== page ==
"Weaponizing" a Child Through Parental Alienation
The child becomes a spy and the enemy within.
Posted June 4, 2021 | Reviewed by Kaja Perina
- Parental alienation is a process resulting in extreme estrangement.
- Parental alienation can be considered a form of child abuse.
- The court must take a strong role to help the child.
Parental alienation occurs when one parent deliberately turns his or her child against the other parent. For a mother or father who becomes a target of this hugely destructive process, little can be more painful.
A positive bond that has existed for years can be severed in a matter of months by a parent who maliciously and successfully mounts a campaign of constant denigration. A frequent outcome is that the boy or girl refuses to spend time with or even to speak with the parent. The child becomes convinced that not only is he is better off with just one parent but also that the other is toxic.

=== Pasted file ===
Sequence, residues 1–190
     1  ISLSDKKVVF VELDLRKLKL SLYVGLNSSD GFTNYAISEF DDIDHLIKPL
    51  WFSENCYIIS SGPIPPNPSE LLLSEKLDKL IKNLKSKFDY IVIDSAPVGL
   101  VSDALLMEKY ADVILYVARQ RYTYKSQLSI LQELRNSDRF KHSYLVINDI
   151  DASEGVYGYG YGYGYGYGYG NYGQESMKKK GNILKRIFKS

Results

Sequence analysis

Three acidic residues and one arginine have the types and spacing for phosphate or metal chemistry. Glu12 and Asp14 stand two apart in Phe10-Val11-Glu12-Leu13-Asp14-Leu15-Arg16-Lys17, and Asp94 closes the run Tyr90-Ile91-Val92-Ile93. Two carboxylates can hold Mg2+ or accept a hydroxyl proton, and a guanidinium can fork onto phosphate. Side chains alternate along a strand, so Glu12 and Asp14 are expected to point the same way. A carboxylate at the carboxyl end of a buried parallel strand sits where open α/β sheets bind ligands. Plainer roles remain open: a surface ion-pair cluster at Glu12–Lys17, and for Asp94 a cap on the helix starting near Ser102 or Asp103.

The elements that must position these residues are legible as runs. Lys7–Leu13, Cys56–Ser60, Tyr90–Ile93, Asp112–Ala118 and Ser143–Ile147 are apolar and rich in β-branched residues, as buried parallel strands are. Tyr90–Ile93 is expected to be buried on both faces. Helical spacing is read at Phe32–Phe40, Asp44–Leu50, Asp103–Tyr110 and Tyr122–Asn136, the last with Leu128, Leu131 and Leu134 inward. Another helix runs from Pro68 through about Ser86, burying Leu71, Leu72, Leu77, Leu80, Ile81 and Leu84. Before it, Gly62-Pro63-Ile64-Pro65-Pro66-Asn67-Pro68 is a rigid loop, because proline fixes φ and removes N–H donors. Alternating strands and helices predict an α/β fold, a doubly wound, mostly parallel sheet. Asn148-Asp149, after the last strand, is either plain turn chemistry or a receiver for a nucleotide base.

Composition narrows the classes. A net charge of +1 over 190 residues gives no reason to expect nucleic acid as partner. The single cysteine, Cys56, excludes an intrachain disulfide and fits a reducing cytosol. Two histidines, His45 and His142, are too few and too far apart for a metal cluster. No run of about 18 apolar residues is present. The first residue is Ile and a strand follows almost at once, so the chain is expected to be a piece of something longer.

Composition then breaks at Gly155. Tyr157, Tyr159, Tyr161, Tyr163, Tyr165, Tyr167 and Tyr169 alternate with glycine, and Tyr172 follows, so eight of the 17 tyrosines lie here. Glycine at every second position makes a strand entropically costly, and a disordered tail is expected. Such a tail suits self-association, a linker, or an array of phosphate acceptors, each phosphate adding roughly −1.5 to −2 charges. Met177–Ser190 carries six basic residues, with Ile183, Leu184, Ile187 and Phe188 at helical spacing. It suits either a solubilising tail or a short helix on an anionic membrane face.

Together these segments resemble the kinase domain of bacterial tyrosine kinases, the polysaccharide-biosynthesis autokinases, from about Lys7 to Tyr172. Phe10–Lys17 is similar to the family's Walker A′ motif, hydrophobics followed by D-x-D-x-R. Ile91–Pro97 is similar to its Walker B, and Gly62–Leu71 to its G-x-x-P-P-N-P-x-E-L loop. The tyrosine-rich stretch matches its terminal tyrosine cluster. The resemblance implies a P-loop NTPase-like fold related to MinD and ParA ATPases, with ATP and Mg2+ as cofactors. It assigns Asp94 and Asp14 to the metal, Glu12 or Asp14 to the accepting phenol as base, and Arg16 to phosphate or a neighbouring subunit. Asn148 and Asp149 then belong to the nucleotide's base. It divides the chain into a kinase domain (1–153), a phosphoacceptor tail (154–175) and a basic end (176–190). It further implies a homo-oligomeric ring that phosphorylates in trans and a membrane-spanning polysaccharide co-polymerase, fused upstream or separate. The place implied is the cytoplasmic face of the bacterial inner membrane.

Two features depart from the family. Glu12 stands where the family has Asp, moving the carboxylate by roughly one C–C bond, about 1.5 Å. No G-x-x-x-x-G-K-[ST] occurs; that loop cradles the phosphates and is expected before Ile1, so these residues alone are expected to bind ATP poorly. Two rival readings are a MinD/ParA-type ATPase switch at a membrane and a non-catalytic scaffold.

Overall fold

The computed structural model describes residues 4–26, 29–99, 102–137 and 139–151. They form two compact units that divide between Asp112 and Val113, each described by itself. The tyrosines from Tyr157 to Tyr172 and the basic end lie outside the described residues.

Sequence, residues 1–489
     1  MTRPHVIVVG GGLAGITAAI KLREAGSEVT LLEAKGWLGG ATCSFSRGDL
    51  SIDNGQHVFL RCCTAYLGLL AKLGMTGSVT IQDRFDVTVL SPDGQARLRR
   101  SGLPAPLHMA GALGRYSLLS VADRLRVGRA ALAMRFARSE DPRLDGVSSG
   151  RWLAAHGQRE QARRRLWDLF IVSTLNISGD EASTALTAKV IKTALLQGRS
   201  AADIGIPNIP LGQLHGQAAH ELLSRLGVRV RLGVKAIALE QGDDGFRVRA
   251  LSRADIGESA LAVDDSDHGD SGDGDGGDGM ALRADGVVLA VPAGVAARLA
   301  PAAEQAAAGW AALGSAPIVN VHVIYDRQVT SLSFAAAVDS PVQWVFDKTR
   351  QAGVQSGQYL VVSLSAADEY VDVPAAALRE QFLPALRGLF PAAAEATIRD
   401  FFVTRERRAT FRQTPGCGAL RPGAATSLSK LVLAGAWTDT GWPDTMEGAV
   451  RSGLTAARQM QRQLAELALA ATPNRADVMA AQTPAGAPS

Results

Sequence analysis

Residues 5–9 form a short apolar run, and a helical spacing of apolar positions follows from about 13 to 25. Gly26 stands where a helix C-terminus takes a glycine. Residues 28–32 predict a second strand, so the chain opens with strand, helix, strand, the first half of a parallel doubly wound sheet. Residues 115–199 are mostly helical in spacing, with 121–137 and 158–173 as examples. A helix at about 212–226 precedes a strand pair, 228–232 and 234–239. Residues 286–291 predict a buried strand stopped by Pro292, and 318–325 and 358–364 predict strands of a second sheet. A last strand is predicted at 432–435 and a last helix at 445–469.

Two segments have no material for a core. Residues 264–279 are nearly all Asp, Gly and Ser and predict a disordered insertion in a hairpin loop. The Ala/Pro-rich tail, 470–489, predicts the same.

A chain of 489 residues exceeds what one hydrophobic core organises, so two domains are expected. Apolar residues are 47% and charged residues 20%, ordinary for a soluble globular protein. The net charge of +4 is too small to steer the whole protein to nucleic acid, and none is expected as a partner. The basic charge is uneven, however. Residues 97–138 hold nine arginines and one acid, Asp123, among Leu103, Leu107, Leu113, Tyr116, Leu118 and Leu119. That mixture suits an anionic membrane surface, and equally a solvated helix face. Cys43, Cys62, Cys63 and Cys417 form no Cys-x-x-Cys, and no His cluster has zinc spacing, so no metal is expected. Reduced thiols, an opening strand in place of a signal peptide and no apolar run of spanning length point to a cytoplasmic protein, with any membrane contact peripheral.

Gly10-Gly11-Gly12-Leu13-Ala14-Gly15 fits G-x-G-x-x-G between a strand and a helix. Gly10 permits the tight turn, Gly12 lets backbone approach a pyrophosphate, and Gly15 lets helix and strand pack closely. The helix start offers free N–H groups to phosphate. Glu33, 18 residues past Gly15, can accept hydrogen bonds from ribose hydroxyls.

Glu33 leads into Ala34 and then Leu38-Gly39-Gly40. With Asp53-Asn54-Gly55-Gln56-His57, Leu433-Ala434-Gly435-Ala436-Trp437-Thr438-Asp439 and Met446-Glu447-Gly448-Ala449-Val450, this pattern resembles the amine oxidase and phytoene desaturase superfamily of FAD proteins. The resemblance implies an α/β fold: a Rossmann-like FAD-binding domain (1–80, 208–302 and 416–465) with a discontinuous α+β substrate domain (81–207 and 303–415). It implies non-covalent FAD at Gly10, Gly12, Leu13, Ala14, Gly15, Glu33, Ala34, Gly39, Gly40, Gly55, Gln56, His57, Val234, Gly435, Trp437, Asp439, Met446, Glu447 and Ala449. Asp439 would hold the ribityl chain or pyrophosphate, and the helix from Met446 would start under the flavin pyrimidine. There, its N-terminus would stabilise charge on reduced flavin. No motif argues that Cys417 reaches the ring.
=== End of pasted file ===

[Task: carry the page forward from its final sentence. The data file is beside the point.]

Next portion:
If he has the financial means, the devastated targeted parent is likely to seek redress through litigation. If a judge becomes convinced that alienation is occurring, he may address it by ordering an increase in the time the child spends with the parent who is being shunned. A court may initiate a process of “reunification” that involves a therapist who will meet with the alienated child and the targeted parent. Unfortunately, in many cases that effort fails. The child becomes even more resistant because she resents being compelled to spend more time with the parent whom she has come to detest.
The alienated child exploits the visitation time by converting it into an opportunity to gather information about the targeted parent and feed it back to the alienator. It is as though the child has now become a spy, recruited by the alienator. The result is that the alienating parent accumulates more ammunition to fuel her allegations while denying any responsibility for her child’s rejection of the other parent.
A judge established a schedule of gradual increases in time that Priscilla would spend with Mr. Sturgis, her father.* After several months of daytime visits, she would spend overnight one weekend a month at his apartment. With a reunification therapist overseeing the process, father and daughter were to be reconciled.